College Basketball Coaches Arrested For Taking Bribes To Steer Players


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Assistant coaches for the basketball teams at the University of Southern California, the University of Auburn, Oklahoma State University, and the University Arizona have been arrested by the FBI, accused of accepting thousands in bribes to steer players toward certain advisers.

Six other individuals, including Jim Gatto, the director of global sports marketing for basketball at Adidas, were arrested on charges relating to bribery and corruption in college basketball.

Gatto is accused of supplying college coaches with money to pay high school athletes and/or their families in an effort to draw high-level recruits to college programs sponsored by Adidas.

The assistant coaches who have been arrested: Former NBA Rookie of the Year Chuck Person of Auburn, Oklahoma State’s Lamont Evans, USC’s Tony Bland, and Arizona’s Emanuel Richardson

Other schools are implicated in the investigation.

Based on the information in the charges, the University of Louisville and the University of Miami (Florida) are involved as well.

Defendants are accused of paying a high school athlete $100,000 to attend Louisville. That athlete is likely incoming five-star recruit Brian Bowen, which makes these comments about Bowen from head coach Rick Pitino in June extra hilarious:

We got lucky on this one. I had an AAU director call me and ask me if I’d be interested in a player (Bowen). I saw him against another great player from Indiana. I said “Yeah, I’d be really interested.” They had to come in unofficially, pay for their hotel, pay for their meals. We spent zero dollars recruiting a five-star athlete who I loved when I say him play. In my 40 years of coaching this is the luckiest I’ve been.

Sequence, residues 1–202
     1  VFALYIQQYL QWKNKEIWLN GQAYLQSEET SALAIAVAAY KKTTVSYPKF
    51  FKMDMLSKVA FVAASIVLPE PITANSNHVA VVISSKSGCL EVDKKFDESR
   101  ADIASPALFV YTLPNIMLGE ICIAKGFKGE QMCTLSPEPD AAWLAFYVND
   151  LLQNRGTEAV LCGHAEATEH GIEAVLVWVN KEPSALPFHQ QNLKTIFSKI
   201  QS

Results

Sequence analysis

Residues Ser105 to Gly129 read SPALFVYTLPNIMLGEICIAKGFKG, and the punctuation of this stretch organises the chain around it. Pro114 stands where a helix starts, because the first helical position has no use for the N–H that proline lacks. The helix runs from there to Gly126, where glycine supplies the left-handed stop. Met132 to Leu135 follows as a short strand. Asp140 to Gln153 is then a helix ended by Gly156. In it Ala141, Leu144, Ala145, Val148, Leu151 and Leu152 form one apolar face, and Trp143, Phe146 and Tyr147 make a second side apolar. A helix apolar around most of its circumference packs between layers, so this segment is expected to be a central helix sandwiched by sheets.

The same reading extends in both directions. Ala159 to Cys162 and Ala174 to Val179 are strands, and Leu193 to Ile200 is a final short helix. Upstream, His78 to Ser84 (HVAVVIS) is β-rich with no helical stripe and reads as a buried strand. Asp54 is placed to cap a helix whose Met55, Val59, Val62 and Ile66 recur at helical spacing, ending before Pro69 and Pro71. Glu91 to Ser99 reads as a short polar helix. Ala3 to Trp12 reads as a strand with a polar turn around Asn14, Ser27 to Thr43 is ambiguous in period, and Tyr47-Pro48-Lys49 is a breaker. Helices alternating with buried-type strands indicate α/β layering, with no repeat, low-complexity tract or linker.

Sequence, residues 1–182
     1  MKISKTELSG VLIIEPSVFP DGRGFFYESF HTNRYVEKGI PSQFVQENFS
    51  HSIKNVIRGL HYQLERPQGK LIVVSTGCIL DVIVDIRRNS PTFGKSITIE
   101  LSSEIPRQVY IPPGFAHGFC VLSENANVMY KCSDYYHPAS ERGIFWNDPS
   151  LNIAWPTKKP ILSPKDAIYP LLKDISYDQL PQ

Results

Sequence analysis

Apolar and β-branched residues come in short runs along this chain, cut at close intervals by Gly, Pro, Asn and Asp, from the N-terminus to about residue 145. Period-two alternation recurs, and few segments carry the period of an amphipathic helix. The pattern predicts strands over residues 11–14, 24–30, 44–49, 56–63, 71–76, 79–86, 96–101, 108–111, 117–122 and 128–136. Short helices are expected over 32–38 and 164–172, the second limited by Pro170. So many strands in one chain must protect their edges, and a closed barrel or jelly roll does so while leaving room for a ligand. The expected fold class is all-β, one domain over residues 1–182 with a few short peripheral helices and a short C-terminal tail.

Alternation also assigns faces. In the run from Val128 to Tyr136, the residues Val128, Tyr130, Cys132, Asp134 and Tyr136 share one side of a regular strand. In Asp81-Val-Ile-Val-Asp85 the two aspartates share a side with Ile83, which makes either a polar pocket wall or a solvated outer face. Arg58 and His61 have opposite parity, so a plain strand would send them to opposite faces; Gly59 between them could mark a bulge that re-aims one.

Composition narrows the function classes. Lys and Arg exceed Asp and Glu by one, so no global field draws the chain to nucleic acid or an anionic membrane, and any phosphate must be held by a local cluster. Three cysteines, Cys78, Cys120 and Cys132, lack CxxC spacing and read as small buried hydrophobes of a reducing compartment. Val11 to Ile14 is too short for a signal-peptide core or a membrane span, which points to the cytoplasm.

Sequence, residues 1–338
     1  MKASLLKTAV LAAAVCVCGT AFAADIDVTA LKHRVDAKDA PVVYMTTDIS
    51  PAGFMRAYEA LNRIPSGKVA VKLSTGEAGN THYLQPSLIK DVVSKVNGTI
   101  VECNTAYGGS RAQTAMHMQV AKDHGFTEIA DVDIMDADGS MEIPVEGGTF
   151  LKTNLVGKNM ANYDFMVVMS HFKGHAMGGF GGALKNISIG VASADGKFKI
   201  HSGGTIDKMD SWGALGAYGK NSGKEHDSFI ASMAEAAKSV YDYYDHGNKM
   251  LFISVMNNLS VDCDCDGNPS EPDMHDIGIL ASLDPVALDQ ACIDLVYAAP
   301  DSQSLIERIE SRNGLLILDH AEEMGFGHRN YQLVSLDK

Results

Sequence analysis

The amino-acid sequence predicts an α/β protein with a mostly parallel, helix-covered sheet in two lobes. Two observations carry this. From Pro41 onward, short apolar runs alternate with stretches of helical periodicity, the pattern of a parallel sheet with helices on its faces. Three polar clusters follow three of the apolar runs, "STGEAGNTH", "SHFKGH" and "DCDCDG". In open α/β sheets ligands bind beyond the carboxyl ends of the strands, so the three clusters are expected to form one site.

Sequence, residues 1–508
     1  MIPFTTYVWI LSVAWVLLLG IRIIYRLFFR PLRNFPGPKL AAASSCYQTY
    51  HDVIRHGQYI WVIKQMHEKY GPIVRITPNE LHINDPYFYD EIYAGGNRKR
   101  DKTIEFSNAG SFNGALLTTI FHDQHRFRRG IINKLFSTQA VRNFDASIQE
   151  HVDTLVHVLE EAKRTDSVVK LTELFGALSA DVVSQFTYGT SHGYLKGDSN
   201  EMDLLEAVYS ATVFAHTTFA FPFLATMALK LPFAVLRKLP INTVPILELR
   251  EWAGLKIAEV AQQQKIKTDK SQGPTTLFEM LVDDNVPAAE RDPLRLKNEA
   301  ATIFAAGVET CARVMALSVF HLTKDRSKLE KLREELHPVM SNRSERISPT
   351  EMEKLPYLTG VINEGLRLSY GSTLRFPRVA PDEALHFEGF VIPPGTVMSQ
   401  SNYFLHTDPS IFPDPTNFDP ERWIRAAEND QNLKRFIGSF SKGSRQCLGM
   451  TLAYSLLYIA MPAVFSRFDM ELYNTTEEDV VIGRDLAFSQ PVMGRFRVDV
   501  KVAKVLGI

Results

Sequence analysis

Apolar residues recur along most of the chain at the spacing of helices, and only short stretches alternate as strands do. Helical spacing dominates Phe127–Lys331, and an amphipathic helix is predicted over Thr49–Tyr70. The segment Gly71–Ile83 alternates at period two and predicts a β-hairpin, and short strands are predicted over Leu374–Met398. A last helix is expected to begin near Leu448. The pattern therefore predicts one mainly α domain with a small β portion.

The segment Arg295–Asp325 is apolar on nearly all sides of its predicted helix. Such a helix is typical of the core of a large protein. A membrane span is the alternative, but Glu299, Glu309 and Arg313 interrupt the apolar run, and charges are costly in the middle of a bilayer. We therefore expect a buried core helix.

Adidas isn’t the only sports apparel company implicated. Merl Code, the head of Nike’s Elite Youth Basketball League, was arrested as well. All the schools listed in this piece save for Auburn are sponsored by Adidas; Auburn teams wear Under Armour gear.

The investigation was opened in 2015.

Perhaps this will finally end the debate surrounding over-the-table payment of college athletes. Even though the payment of athletes outside of scholarships is illegal, it’s apparently happening readily across the country.

While it’s become increasingly clear the NCAA is unwilling to cede a cent to college players, someone, according to this investigation, is willing: sportswear companies.

Why not make that legal?

Everyone gets what they want: Companies get to draw players to their schools; the greedy NCAA gets to keep all the money the athletes make them; and players finally get to see something of the profits they’re making for so many others.

Check out the full charges here and here.